srjacob
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Looking for good C/C++ resources for PI

Tue Jun 12, 2018 1:06 pm

I am a newbe to the PI, but I know C/C++ fairly well. Can anyone point me to a good starting point for programming C/C++ on the PI? Preferrably a good IDE with breakpoints and debugging tools would be wonderful.

Thanks for the help.

Steve

jahboater
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Re: Looking for good C/C++ resources for PI

Tue Jun 12, 2018 1:14 pm

I don't use IDE's so someone else will help you there.

The "official" OS called Raspbian is downloaded from here:
https://www.raspberrypi.org/downloads/raspbian/

Raspbian includes a very good C/C++ compiler pre-installed (gcc), along with all the usual professional software development tools. Many other tools such as "valgrind" may be installed by the package manager called "apt".

The debugger is gdb which is more powerful and capable than you can imagine.

There are various text editors available. Beginners use "nano". Far far more powerful is "vi".
Then there is "emacs" which is more than just an editor, it is an IDE.
Last edited by jahboater on Tue Jun 12, 2018 1:47 pm, edited 1 time in total.

1dot0
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Re: Looking for good C/C++ resources for PI

Tue Jun 12, 2018 1:32 pm

IMO nano and vi are really unclear, rough, and annoying.
As an editor I prefer leafpad (already installed in Raspbian), and as an editor feat. a simple but handy IDE: Geany (also already installed in Raspbian), even if a integrated debugger is missing (apart from gdb).

Heater
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Re: Looking for good C/C++ resources for PI

Tue Jun 12, 2018 2:31 pm

Personally, if you want to use an IDE like VS or Eclipse or InteliJ etc, I would suggest developing your code in the luxury of a regular Windows or Linux running PC that has the horse power to do all that nice interactive breakpoint and debug stuff.

When you have your application in shape then move it to the Pi and compile with the command line, g++ .... I like to use cmake to build my projects. Or qmake for Qt apps.

Of course there will be Pi specific parts of your application that won't run on the PC. Say using GPIO or whatever Pi hardware. Those can be stubbed out and simulated when developing on the PC. They can be hacked with whatever editor on the Pi.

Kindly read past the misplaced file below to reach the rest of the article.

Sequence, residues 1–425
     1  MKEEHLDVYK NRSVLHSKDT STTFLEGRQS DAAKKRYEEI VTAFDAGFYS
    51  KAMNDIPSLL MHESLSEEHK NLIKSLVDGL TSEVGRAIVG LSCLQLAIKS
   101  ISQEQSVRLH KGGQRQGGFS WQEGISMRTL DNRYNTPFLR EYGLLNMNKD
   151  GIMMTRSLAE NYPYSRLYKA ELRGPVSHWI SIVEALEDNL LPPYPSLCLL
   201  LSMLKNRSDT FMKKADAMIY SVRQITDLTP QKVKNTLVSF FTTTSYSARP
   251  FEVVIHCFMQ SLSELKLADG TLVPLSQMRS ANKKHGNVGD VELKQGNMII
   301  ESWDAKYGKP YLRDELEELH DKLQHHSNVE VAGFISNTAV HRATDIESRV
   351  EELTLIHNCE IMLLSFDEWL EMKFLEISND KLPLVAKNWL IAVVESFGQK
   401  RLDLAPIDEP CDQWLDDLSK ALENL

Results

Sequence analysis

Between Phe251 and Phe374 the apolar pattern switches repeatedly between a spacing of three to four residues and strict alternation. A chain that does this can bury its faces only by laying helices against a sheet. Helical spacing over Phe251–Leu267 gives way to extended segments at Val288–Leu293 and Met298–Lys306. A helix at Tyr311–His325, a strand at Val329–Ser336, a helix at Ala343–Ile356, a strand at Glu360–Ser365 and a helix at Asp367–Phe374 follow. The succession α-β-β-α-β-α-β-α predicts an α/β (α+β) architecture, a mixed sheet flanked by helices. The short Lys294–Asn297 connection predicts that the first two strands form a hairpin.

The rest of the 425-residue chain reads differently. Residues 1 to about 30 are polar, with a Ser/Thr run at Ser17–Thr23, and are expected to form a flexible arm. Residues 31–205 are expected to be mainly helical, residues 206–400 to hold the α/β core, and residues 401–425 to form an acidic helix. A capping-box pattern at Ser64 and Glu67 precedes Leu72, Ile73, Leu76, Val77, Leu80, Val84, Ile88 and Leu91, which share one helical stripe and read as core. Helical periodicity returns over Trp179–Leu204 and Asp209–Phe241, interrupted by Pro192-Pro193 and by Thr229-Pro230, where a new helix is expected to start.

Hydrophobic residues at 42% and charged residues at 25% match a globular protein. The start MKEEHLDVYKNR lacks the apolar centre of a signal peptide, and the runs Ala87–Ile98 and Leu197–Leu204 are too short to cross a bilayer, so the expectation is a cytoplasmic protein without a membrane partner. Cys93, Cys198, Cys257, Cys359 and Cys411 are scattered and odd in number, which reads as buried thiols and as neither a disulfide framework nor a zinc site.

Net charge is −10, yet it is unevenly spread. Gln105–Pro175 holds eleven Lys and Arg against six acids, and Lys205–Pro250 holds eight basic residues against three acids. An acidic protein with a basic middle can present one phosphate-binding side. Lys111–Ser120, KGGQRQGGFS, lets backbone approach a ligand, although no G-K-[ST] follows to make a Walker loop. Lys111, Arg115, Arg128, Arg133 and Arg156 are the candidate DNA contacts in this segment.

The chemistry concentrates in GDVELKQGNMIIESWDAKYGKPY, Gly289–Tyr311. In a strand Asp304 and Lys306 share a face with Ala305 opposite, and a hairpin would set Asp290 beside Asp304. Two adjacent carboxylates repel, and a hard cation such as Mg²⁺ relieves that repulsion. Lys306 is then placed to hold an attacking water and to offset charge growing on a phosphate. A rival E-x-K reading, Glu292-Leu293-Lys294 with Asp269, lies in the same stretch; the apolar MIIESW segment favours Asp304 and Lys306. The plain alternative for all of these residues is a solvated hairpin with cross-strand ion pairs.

GDB or even DDD will help with the debugging.
Memory in C++ is a leaky abstraction .

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The Traveler
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Re: Looking for good C/C++ resources for PI

Tue Jun 12, 2018 5:06 pm

srjacob wrote: I am a newbe to the PI, but I know C/C++ fairly well. Can anyone point me to a good starting point for programming C/C++ on the PI? Preferrably a good IDE with breakpoints and debugging tools would be wonderful.
Programming C/C++ on the RPi is about like doing it anywhere else, your just using an ARM compiler. The GNU compiler tools and gdb debugger are standard on most linux installs and work very well.

For my programming, I use an Lubuntu box with cross compiler tool chain.

Code: Select all

sudo apt-get install build-essential
sudo apt-get install g++-arm-linux-gnueabihf
sudo apt-get install gdb-multiarch
If you install qemu, your can run your ARM compiled program on your x86, x64 linux OS. https://www.qemu.org/
Using ssh from my workbox to my RPi, I transfer the compiled executable or lib .so file. Works really well and I don't have the burden of keeping a GUI on my RPi eating up resources.

As for IDE and debugger, well, it's totally personal preference. Code::Blocks, Codelite, Anjuta all have their pros/cons. I'd just suggest trying each and choose what you like. For myself, I actually like to use nano and gdb "in the raw", ie: command line. That way if I need to debug code on my RPi, I can log in via ssh and use the same tools I use on my workbox.

Cheers.
Retired IT professional, C programmer and "beardie weirdie".
RPi interests: Developing an Infinite Improbability Drive
“Thinking outside of the box allows you to get rewards outside of your reach.” Matshona Dhliwayo

lianergoist
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Re: Looking for good C/C++ resources for PI

Fri Jun 22, 2018 3:14 pm

If you want a gui for gdb, try 'Nemiver'. I have only used it a few times myself, but it seems to be quite okay. https://wiki.gnome.org/Apps/Nemiver
Thomas Jensen

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1) Those who can extrapolate from incomplete data

ProgrammingPescador
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Re: Looking for good C/C++ resources for PI

Thu Jun 28, 2018 9:39 am

Hi

If you are looking for an IDE and you are a Windows PC user then I would recommend Visual Studio 2017 as it now has the ability to cross compile directly on the Pi, see here.

I do all of my C/C++ development this way as it gives you access to all the modern tools and techniques which developers have become used to and saves time and grief with having to wrestle with the command line.

I know it probably goes against the grain to recommend Microsoft tools when there are "powerful tools" like Nano available on the device, but for once this is where MS have actually done something right!

Best of luck
The ProgrammingPescador

srjacob
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Re: Looking for good C/C++ resources for PI

Thu Jun 28, 2018 10:48 am